Rhabdocline Needlecast of Douglas-fir — The fungus, Rhabdocline pseudotsugae, causes one of the most serious needlecast diseases of Douglas-fir foliage. This disease had never been detected in West Virginia until 1999 when it was detected at one location each in Hardy, Mineral, and Jefferson Counties.
Thyronectria Canker of Honey Locust — Thyronectria canker, caused by the fungus Thyronectria austro-americana, was detected for the first time in West Virginia on an ornamental planting of honey locust in Berkeley County. Investigations found numerous perennial cankers on the main stem of diseased trees. The fungus was apparently introduced on diseased nursery stock. In August of 1999, diseased trees were also detected at Harper's Ferry National Park in Jefferson County.
Drought — The summer of 1999 was a record drought season in West Virginia. Both Governor Cecil Underwood, on June 28, and U.S. Secretary of Agriculture Dan Glickman, in late July, declared the State a drought disaster area . According to the Climate Prediction Center of National Oceanic and Atmospheric Administration, West Virginia fell into two drought categories on the Palmer Drought Index: severe drought (-3 to -3.99 inches) and extreme drought (greater than -4 inches). The majority of the severe drought occurred in the western part of the State whereas the extreme drought occurred in the eastern part of the State. Some counties had departures from the normal of -10 to -10.99 inches.
Elm Yellows — This serious disease of elm trees, caused by the elm yellows phytoplasma, was first reported in 1939 in western West Virginia. In 1994, it was first reported on American and slippery elms in the Eastern Panhandle of West Virginia in Jefferson and Berkeley Counties. By 1998, elm yellows disease was widespread in these counties. Also that year, the disease was detected for the first time in Morgan and Hampshire Counties. Surveys in 1999 revealed only a slight change in its distribution in the Eastern Panhandle. In Morgan County, numerous diseased trees were detected along the Potomac River from Cherry Run on the northeast border to
Sir John's Run north of Berkeley Springs. Elm yellows disease is now common north of Route 9 between Hedgesville and Berkeley Springs and Back Creek Valley.
The drought, which encompassed West Virginia, created a more severe forest fire season during 1999 than in 1998. There were 1,875 forest fires, nearly double from the previous year. Fires burned 84,434 acres, four times that of the previous year. Damage estimates totaled $25,330,200 compared with $6,147,660 the previous year. Suppression cost estimates of $196,723 were more than doubled the estimated $99,884 in 1998. The number one cause of wildfires in West Virginia continues to be arson with debris burning a distant second.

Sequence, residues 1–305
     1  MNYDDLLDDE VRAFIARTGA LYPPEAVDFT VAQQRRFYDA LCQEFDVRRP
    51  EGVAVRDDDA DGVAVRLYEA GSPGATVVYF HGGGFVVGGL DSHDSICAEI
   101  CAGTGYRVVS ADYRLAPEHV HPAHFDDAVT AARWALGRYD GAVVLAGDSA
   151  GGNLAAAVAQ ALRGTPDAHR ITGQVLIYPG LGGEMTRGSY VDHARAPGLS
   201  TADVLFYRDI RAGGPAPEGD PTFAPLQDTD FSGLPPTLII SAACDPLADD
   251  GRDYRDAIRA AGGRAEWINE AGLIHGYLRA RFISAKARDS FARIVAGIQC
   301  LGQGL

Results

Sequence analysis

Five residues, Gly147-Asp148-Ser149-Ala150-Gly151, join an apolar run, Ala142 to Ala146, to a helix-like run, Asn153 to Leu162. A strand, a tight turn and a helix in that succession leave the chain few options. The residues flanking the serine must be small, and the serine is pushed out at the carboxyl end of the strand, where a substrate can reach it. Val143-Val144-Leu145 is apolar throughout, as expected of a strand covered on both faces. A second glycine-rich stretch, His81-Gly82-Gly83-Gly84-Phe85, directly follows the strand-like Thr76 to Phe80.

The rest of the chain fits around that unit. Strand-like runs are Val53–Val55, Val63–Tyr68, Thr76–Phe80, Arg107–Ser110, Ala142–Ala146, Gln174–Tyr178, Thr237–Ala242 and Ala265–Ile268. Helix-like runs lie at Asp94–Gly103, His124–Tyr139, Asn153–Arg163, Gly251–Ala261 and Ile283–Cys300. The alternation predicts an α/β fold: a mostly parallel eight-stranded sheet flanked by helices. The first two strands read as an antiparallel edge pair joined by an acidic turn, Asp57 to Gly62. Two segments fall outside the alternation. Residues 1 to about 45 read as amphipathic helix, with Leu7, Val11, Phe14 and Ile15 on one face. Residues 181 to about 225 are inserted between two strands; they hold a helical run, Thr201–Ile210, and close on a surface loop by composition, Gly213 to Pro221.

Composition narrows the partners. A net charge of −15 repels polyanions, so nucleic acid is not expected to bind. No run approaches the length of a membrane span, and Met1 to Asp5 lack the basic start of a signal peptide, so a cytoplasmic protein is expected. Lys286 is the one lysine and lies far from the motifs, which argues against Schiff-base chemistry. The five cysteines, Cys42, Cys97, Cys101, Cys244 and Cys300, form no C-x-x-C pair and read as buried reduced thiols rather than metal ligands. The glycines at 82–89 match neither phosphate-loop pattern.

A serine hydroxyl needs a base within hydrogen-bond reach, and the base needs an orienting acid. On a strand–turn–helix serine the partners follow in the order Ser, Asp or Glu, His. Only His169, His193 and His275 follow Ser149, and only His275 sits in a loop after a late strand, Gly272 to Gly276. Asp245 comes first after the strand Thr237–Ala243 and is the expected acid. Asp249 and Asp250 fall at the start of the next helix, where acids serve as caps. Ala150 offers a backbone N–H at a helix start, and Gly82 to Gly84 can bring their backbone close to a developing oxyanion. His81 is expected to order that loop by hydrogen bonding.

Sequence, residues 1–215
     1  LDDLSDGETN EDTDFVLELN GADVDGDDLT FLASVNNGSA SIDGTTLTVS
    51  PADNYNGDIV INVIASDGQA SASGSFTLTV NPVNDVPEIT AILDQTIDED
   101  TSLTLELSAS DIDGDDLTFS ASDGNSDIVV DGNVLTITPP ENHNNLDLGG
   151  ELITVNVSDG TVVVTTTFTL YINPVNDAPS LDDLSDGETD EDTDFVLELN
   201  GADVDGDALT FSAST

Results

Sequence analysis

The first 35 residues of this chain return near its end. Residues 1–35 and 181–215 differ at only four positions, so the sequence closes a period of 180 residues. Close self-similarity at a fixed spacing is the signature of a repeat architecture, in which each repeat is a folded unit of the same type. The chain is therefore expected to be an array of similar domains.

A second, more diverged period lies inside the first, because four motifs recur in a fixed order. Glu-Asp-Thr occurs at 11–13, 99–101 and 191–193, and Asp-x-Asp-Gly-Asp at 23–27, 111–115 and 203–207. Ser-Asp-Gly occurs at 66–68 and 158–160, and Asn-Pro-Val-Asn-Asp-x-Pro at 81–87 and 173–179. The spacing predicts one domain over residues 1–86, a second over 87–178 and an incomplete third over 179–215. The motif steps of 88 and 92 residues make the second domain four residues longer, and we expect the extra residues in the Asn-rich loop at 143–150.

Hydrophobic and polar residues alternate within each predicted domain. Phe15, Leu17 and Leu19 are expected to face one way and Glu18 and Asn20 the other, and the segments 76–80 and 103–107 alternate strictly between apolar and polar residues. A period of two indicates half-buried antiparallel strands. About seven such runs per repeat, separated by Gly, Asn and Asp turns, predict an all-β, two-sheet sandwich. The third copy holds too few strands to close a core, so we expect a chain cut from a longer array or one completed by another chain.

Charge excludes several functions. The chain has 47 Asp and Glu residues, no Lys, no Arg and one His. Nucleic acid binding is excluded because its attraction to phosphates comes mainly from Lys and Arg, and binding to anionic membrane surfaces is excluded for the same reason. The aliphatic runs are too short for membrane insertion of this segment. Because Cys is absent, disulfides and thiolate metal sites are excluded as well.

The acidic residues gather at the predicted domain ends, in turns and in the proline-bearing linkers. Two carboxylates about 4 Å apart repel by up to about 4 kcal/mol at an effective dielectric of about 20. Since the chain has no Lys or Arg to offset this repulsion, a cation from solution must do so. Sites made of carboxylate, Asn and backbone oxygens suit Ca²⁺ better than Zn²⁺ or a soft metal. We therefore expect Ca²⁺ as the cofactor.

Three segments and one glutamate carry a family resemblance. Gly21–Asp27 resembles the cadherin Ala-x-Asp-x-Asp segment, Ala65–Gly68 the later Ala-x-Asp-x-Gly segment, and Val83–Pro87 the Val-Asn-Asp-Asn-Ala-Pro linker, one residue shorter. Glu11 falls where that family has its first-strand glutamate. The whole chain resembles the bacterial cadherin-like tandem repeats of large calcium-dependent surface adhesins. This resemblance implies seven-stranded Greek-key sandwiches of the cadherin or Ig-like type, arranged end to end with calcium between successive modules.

Since 1995, the West Virginia Division of Forestry has maintained a permanent network of 96 plots to monitor forest health conditions across the State. The network is part of the National Forest Health Monitoring Program conducted by the U.S. Forest Service. In 1999, full-time service foresters from the Division of Forestry received training in Wisconsin then visited 31 forest health monitoring plots to monitor crown conditions, tree damage, lichen populations, vegetation diversity and took soil samples. The foresters also received ozone damage recognition and rating training conducted by the West Virginia Department of Agriculture forest pathologist and forest entomologist at a one-day training session in central West Virginia. http://willow.ncfes.umn.edu/fhm/northeast/ne99.htm
In cooperation with the West Virginia Division of Forestry, the USDA Forest Service initiated its periodic inventory of West Virginia's forest resources in March 1999. During the 1999 field season, 482 of the 2,500 planned inventory plots were measured. Data collected is used to determine growth, mortality, species diversity, and quantities of timber available. This information evaluates the condition of the forest resource with respect to harvesting, urbanization, productivity, and influence of disturbances such as storms, fire, and insects or diseases. The current condition of the forest resource will be compared with the last inventory of 1987-88 to assess changes in the forest resources. http://willow.ncfes.umn.edu/fhm/northeast/ne99.htm
West Virginia Division of Forestry
1900 Kanawha Blvd., East
Charleston, WV 25305
West Virginia Dept. of Agriculture
Plant Industries Division
1900 Kanawha Blvd., East
Charleston, WV 25305
USDA Forest Service
State and Private Forestry
Forest Health Protection
180 Canfield Street
Morgantown, WV 26505